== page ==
Alison Church, of Southtown, Great Yarmouth, has six children and is a carer to four who have disabilities. Every day is a challenge due the children’s needs but Ms Church always puts them first to make sure they are happy and have the best life possible. 

She said: “Alongside my partner Vince, we live from day to day trying to put as much in to making memories and having family fun days in between the many appointments and them being poorly. 

“It truly is amazing to have been nominated. I just see myself as a mum, doing what all other mums do.” 

Lauren Tubby

Lauren Tubby - Credit: SUPPLIED

Lauren Tubby, of the Diss area, is the manager of De Lucy House care home in Diss. During the beginning of the coronavirus pandemic, she left her family home in order to move in with the residents to make sure they were all cared for. She put her work before her young family. 

She said: “I feel honoured and privileged to have been selected as a finalist. I strive to work to above expectations to ensure the residents and staff team have only the best environment to work and live in. I feel completely overwhelmed to have been nominated for this exceptional award.” 

Sarah Johnson

Sarah Johnson - Credit: BLUEBIRD CARE

Sarah Johnson, of Norwich, has worked as a carer for Bluebird Care Norwich and North Norfolk for more than 11 years. She goes above and beyond to ensure her clients receive the care they need in their own homes. She has been described as being a beacon of light who goes the extra mile. 

She said: “I’m incredibly overwhelmed to be a finalist and blown away by the support and recognition from my peers. I feel privileged to represent Bluebird Care and our amazing care team, who work incredibly hard. Domiciliary care is often overlooked, so to be able to represent the sector is incredibly humbling.” 

Charity Hero of the Year 

Vickie Cunnane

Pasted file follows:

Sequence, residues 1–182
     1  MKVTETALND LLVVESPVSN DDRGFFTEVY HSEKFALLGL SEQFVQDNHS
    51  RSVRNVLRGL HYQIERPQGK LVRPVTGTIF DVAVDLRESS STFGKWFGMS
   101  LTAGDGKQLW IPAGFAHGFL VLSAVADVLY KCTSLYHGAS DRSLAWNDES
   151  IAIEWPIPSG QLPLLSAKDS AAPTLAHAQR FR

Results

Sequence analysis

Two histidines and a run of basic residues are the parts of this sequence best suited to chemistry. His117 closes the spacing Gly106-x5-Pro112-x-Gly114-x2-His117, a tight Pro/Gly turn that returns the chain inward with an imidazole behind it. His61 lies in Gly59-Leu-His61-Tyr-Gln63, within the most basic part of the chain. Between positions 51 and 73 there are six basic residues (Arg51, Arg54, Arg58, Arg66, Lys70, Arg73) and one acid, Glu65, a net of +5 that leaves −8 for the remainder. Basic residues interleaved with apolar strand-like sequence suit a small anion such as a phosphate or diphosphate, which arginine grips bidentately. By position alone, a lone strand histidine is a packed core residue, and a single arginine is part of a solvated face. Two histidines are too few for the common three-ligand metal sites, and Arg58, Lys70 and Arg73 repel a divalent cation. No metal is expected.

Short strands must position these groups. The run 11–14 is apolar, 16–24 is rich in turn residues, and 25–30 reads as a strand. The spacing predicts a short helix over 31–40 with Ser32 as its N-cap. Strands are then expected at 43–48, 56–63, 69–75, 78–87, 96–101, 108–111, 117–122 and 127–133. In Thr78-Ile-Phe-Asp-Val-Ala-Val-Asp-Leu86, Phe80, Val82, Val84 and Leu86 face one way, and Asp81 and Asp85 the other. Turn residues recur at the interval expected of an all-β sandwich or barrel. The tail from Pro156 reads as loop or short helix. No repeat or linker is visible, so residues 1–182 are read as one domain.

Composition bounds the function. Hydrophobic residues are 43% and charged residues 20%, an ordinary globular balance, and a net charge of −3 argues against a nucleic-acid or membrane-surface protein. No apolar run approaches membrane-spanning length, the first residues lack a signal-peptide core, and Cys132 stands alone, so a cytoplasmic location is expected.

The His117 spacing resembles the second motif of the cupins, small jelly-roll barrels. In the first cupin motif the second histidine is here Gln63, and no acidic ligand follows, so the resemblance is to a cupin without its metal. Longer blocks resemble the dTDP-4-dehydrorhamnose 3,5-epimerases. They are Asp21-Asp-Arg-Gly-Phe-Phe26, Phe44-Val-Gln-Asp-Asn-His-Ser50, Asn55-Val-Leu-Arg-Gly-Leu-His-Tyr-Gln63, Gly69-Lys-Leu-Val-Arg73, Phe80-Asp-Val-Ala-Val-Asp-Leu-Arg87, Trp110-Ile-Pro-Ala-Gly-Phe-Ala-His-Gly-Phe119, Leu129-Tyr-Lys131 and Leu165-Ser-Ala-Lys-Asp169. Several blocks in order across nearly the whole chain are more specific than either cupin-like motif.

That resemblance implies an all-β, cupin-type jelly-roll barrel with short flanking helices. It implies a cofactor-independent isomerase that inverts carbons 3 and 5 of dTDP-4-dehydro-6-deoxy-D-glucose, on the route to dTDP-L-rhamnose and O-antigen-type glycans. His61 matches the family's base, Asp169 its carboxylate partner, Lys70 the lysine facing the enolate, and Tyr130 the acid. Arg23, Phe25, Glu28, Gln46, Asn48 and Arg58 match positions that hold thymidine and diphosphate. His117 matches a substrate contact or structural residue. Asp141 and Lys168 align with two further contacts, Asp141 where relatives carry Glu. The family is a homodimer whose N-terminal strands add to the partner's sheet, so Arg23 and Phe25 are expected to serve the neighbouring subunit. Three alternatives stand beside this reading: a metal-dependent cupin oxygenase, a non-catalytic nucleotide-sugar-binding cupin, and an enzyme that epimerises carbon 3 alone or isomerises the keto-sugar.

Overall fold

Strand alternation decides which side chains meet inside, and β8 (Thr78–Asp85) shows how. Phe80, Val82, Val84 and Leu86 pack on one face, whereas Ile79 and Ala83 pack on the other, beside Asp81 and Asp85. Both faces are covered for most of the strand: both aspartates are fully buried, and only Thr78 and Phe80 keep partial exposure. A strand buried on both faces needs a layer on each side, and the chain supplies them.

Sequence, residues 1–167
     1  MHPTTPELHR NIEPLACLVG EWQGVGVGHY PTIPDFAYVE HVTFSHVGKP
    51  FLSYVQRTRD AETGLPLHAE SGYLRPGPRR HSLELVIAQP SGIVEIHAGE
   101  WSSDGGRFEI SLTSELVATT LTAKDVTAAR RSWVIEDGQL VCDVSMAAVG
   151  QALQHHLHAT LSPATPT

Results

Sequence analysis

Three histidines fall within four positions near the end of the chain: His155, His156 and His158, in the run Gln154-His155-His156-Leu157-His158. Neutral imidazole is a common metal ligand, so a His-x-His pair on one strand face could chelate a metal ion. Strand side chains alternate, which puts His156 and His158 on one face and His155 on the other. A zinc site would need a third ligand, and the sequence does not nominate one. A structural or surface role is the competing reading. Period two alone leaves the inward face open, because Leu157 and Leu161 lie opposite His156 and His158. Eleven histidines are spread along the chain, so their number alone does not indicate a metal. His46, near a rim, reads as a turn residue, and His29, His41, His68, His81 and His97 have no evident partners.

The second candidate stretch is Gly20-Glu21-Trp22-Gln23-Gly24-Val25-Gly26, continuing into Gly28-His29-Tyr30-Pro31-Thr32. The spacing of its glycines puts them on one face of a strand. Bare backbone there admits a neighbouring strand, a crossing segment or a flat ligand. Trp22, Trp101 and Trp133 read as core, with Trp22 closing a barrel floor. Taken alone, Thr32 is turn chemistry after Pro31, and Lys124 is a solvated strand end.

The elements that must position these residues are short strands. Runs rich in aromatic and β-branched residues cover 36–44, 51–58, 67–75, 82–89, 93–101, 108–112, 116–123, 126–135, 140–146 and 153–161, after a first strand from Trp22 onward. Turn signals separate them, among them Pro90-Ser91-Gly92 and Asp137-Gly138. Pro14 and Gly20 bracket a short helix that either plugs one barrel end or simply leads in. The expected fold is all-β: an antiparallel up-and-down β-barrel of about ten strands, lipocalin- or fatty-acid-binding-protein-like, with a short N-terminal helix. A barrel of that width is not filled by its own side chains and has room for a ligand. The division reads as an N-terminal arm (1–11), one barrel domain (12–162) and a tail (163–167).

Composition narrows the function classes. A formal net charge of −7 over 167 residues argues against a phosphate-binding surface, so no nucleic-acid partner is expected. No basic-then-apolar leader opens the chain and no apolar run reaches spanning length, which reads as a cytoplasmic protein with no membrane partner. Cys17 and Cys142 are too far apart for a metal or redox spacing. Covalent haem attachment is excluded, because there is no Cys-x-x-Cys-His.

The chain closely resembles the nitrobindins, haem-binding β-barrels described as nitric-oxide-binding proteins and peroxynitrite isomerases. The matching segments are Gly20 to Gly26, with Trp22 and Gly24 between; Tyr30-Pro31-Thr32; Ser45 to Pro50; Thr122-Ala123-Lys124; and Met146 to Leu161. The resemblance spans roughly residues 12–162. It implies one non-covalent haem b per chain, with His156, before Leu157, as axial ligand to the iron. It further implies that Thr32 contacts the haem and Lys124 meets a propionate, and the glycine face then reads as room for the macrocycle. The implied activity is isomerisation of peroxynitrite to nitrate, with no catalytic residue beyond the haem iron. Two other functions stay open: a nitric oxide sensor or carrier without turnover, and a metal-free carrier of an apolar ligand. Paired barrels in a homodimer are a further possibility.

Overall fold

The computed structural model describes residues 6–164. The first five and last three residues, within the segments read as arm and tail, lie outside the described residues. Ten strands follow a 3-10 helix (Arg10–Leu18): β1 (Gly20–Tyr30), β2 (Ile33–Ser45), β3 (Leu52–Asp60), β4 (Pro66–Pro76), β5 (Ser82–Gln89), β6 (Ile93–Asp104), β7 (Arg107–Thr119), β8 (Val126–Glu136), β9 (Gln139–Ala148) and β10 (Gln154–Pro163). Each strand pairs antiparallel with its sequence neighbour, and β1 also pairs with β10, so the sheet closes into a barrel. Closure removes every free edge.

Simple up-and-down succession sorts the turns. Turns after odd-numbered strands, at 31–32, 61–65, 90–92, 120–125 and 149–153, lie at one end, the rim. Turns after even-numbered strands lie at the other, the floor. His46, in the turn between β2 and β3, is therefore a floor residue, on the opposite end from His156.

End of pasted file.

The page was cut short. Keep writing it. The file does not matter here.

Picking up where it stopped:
Vickie Cunnane - Credit: SUPPLIED

Vickie Cunnane, of Chedgrave, was diagnosed with Parkinson’s 10 years ago while working as a head teacher at Corton. Determined to fight back, she encouraged 10 staff and their families to join in with a parachute jump that raised £5,000. She has also hosted garden parties, run farmers’ market stalls, and opened a charity shop all to raise funds for charity Parkinson’s UK. To date she has raised £100,000. 

She said: “I am thrilled and excited to be nominated. I have not been able to do as much as I would like as my disability has worsened. The shop succeeds thanks to a team effort and the support of customers. I want to do more as it keeps me going.” 

Carly Gorton

Carly Gorton - Credit: ANNA MUDEKA

Carly Gorton, 11, of Southburgh, near Hingham, has achieved something phenomenal. Last year, while the world was in a huge turmoil, she shaved her head to donate her afro hair to be made into a wig for black and mixed-race children who have lost their own hair. She showed resilience, strength and courage to make her dream a reality and has made history by becoming the very first person to succeed in having her afro hair made into a wig. 

Her mother, Anna Mudeka, said: “I’m very proud and feel honoured that she has been selected as a charity hero. She deserves it.” 

Tim Owen with his daughter

Tim Owen with his daughter - Credit: SUPPLIED

Tim Owen, of Shouldham, West Norfolk, is one of three suicide bereaved dads who walked 300 miles from Cumbria to Manchester to Norfolk over 15 days in October to raise awareness of PAPYRUS, the suicide prevention charity for young people under 35. In memory of their daughters, they aimed to raise awareness to prevent other families from going through what they had all gone through. They also raised £825,000 for PAPYRUS. 

He said: “The three of us never expected to have attracted this much attention and in doing so raise the profile of this life saving charity. To be selected as a finalist for the is humbling and I am sure our daughters, Beth, Sophie and Emily, would be proud.” 

Simon Prince

Simon Prince - Credit: SUPPLIED